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Date: Tue, 12 Feb 2019 13:26:25 -0500
From: Rich Felker <>
Subject: Draft outline of thread-list design

Here's a draft of the thread-list design, proposed previously as a
better way to do dynamic TLS installation, and now as a solution to
the problem of __synccall's use of /proc/self/task being (apparently
hopelessly) broken:

Goal of simplicity and correctness, not micro-optimizing.

List lock is fully AS-safe. Taking lock requires signals be blocked.
Could be an rwlock, where only thread creation and exit require the
write lock, but this is not necessary for correctness, only as a
possible optimization if other operations with high concurrency
needing access would benefit.


Take lock, create new thread, on success add to list, unlock. New
thread has new responsibility of unblocking signals, since it inherits
a fully-blocked signal mask from the parent holding the lock. New
thread should be created with its tid address equal to the thread list
lock's address, so that set_tid_address never needs to be called
later. This simplifies logic that previously had to be aware of detach
state and adjust the exit futex address accordingly to be safe against
clobbering freed memory.


Take lock. If this is the last thread, unlock and call exit(0).
Otherwise, do cleanup work, set state to exiting, remove self from
list. List will be unlocked when the kernel task exits. Unfortunately
there can be a nontrivial (non-constant) amount of cleanup work to do
if the thread left locks held, but since this should not happen in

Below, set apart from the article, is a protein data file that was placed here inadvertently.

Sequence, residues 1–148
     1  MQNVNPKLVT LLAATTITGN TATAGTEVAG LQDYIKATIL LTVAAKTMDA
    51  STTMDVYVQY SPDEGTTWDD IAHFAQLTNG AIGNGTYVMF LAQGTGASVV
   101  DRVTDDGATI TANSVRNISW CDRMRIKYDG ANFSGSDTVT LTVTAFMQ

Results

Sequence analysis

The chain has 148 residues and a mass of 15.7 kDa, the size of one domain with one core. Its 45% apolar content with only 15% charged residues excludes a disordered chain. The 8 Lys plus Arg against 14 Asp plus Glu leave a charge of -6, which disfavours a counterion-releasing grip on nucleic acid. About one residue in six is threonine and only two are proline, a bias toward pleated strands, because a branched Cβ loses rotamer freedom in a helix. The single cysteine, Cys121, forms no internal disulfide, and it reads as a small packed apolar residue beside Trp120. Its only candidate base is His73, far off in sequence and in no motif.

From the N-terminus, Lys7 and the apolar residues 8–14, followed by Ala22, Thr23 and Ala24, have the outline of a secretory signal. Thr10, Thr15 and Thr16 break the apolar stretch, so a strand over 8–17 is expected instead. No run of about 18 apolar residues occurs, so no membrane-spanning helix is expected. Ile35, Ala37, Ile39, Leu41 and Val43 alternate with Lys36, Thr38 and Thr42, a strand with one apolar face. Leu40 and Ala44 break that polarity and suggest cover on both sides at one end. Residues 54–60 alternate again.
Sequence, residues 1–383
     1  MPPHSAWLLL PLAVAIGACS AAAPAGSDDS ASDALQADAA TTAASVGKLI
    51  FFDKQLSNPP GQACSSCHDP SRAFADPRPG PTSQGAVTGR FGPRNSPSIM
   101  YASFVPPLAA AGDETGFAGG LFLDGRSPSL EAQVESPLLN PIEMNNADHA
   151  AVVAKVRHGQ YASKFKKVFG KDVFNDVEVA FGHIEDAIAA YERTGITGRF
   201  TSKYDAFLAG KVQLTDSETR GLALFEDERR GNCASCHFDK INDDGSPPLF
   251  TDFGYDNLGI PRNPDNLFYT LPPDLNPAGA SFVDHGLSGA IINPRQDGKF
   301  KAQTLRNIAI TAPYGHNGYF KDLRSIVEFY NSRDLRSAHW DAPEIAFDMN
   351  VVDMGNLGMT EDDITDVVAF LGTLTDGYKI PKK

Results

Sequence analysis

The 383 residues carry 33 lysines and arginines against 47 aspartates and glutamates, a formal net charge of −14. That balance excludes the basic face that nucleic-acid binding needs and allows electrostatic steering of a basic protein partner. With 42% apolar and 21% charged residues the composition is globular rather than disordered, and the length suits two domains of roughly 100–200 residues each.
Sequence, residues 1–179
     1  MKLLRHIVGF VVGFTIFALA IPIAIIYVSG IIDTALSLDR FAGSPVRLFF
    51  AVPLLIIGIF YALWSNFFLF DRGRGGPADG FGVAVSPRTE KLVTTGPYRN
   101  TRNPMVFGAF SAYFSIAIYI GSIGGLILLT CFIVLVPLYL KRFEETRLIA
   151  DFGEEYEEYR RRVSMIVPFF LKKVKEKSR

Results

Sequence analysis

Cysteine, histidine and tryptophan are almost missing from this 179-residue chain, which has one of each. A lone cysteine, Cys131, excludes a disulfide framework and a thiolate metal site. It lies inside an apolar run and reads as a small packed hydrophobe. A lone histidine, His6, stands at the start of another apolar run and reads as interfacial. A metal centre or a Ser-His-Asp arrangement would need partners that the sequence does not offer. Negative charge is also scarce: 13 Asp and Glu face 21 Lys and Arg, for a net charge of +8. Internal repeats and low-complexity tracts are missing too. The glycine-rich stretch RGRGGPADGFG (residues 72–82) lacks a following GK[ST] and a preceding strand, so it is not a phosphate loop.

correct code, it probably doesn't matter.

pthread_kill, pthread_[gs]etsched(param|prio):

These could remain as they are (would require keeping the kill lock
separate in pthread_exit, not described above), or could be modified
to use the global thread list lock. The former optimized these
functions slightly; the latter optimizes thread exit (by reducing
number of locks involved).


A joiner can no longer see the exit of the individual kernel thread
via the exit futex (detach_state), so after seeing it in an exiting
state, it must instead use the thread list to confirm completion of
exit. The obvious way to do this is by taking a lock on the list and
immediately releasing it, but the actual taking of the lock can be
elided by simply doing a futex wait on the lock owner being equal to
the tid (or an exit sequence number if we prefer that) of the exiting
thread. In the case of tid reuse collisions, at worse this reverts to
the cost of waiting for the lock to be released.


Take thread list lock in place of __inhibit_ptc. Thread list can
subsequently be used to install new DTLS in all existing threads, and
__tls_get_addr/tlsdesc functions can be streamlined.


Take thread list lock. Signal each thread individually with tkill.
Signaled threads no longer need to enqueue themselves on a list; they
only need to wait until the signaling thread tells them to run the
callback, and report back when they have finished it, which can be
done via a single futex indicating whose turn it is to run.
(Conceptually, this should not even be needed, since the signaling
thread can just signal in sequence, but the intent is to be robust
against spurious signals arriving from outside sources.) The idea is,
for each thread: (1) set futex value to its tid, (2) send signal, (3)
wait on futex to become 0 again. Signal handler simply returns if
futex value != its tid, then runs the callback, then zeros the futex
and performs a futex wake. Code should be tiny compared to now, and
need not pull in any dependency on semaphores, PI futexes, etc.

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